4. For the matrix for MALDI-TOF MS, prepare 10 mL of 5 mg/mL 1:1 alpha-cyano-4-hyroxycinnamic acid (CHCA):dihydroxybenzoic acid (DHB) (see Table of Materials) in 90:10 ACN:H2O + 0.1% trifluoroacetic acid (TFA). Sonicate solution until matrix is dissolved.

2. Mouse Colony and Ovary Removal

  1. Maintain breeding pairs of CD-1 mice using standard housing procedures. Near the day of parturition, check the mice every day so that the age of the pups is known.
  2. Euthanize pups at 16–18 days of age by CO2 inhalation per NIH guidelines. Deliver CO2 (100%) at a flow rate of 10%–20% chamber volume per minute and continue for two minutes after respiration had stopped. Confirm euthanasia by cervical dislocation.
  3. Disinfect all surgical equipment by submerging in 70% ethanol. Warm Leibovitz’s L-15 media with 1x penicillin-streptomycin to 37 °C.
  4. Wet the abdominal surface with 70% ethanol to disinfect the area and minimize contamination with hair. Grasp the skin covering the abdominal wall using blunt forceps and use surgical scissors to make a large V-shape cut through the skin and abdominal wall, exposing the internal organs.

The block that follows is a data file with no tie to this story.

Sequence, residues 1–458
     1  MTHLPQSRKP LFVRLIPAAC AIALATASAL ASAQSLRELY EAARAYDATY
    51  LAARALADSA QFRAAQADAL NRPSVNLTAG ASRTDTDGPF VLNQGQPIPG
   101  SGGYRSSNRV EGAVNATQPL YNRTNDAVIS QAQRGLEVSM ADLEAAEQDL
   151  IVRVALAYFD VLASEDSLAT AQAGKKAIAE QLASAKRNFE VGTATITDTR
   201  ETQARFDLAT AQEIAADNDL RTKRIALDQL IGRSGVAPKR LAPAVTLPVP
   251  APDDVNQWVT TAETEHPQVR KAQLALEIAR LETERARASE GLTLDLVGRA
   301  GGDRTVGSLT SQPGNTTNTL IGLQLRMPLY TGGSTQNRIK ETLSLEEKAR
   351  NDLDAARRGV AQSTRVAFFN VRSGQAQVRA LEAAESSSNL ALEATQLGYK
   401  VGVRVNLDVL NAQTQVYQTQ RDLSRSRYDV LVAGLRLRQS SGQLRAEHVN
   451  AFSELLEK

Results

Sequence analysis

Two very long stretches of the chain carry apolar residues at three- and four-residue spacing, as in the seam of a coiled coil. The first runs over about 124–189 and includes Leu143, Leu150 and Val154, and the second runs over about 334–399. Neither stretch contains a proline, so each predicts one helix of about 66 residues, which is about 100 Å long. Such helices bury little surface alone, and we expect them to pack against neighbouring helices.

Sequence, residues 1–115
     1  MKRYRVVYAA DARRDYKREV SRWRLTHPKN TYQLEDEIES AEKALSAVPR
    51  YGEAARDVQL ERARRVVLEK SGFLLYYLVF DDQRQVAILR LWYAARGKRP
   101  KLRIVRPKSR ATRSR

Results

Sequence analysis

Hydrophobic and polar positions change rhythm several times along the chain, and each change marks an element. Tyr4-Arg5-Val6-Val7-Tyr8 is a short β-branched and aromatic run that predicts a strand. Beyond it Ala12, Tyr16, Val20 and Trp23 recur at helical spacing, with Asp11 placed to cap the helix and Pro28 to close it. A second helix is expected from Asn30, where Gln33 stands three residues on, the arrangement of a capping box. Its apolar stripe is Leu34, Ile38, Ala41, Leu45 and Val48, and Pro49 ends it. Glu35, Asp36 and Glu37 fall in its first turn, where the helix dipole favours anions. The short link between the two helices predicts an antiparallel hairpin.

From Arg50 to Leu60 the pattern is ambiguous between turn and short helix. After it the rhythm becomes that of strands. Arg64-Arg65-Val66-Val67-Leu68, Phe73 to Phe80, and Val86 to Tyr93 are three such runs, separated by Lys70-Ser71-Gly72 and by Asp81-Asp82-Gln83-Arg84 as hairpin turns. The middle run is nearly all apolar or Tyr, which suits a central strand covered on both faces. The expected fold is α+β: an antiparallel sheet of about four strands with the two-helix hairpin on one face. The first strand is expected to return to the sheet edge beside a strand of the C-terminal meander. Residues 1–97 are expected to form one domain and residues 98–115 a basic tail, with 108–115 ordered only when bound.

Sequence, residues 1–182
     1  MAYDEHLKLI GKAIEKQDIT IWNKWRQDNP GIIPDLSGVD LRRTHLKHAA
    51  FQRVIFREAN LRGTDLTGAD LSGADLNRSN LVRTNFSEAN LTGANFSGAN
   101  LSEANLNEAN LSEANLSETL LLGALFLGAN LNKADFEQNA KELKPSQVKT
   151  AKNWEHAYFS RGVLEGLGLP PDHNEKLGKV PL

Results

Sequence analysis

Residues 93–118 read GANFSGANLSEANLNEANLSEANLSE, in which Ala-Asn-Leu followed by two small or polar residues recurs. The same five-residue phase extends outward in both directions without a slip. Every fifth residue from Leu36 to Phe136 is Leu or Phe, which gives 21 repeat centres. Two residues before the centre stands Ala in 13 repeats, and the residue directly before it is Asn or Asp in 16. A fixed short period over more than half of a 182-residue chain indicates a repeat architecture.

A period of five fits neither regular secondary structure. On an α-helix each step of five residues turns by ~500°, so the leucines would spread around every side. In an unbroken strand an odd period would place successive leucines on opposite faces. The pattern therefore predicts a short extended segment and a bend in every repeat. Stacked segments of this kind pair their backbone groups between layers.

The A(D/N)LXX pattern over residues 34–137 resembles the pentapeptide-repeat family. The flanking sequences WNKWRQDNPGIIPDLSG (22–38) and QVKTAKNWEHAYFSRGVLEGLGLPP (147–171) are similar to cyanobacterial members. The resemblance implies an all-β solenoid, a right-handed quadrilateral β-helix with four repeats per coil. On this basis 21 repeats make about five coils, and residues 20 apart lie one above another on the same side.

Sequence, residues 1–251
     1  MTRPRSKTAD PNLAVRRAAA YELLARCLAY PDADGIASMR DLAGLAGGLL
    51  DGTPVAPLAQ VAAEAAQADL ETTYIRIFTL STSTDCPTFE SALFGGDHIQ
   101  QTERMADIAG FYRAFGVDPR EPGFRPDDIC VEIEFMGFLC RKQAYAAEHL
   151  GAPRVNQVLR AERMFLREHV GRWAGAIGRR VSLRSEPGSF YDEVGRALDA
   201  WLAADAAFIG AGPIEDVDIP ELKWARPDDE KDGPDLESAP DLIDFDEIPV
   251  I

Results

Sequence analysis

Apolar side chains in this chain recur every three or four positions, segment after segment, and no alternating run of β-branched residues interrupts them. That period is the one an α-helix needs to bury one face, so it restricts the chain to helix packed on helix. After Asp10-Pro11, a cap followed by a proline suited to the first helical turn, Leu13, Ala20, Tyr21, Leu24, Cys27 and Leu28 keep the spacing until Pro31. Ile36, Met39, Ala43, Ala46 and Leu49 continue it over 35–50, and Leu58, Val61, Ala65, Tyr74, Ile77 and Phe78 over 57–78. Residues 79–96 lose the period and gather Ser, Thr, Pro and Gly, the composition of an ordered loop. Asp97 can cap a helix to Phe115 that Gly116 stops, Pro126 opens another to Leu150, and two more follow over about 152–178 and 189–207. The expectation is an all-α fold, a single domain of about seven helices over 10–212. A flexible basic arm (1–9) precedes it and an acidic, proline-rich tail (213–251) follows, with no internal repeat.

5. Move the internal organs to the side using forceps. Individually grab each uterine horn with fine forceps and lift slightly.
  6. Locate the ovary, which will be at the end of the uterine horn, immediately below the kidney. Use surgical scissors to dissect the ovary free of connective tissue. Then, cut the ovarian horn in half.
  7. Move the ovary, oviduct, and approximately one half of each uterine horn to pre-warmed Leibovitz’s L-15 media.
  8. Under a dissecting microscope carefully move each ovary from the surrounding bursa, freeing it from the oviduct, bursa, and any adipose tissue. Move each ovary to a new dish of Leibovitz’s L-15 media.
  9. Cut each ovary in half axially. Keep the ovarian pieces (now called explants) kept at 37 °C until plating of agarose.

3. Setting Up and Incubating the ITO-treated Slide for Cocultures

  1. Undivided cocultures
    1. Liquify the agarose at 70 °C on a hot plate.
    2. Place the 8-well divider on top of the indium tinoxide (ITO)-treated slide (Figure 1A). The rubber bottom on the divider aids in adhesion to the slide, but make sure to apply continuous gentle downward pressure during agarose plating to ensure no leaking or mixing between wells.
    3. Collect cells in a 15 mL conical tube, centrifuge (5 min at 800 rpm), and resuspend to 50k cells per 150 µL in 1x DMEM media. If a different cell density is optimal, make sure that at this step the cell suspension is 2x the final density desired (e.g., for a final concentration of 50,000 cells in 300 µL, cell density at this step is 50,000 cells in 150 µL).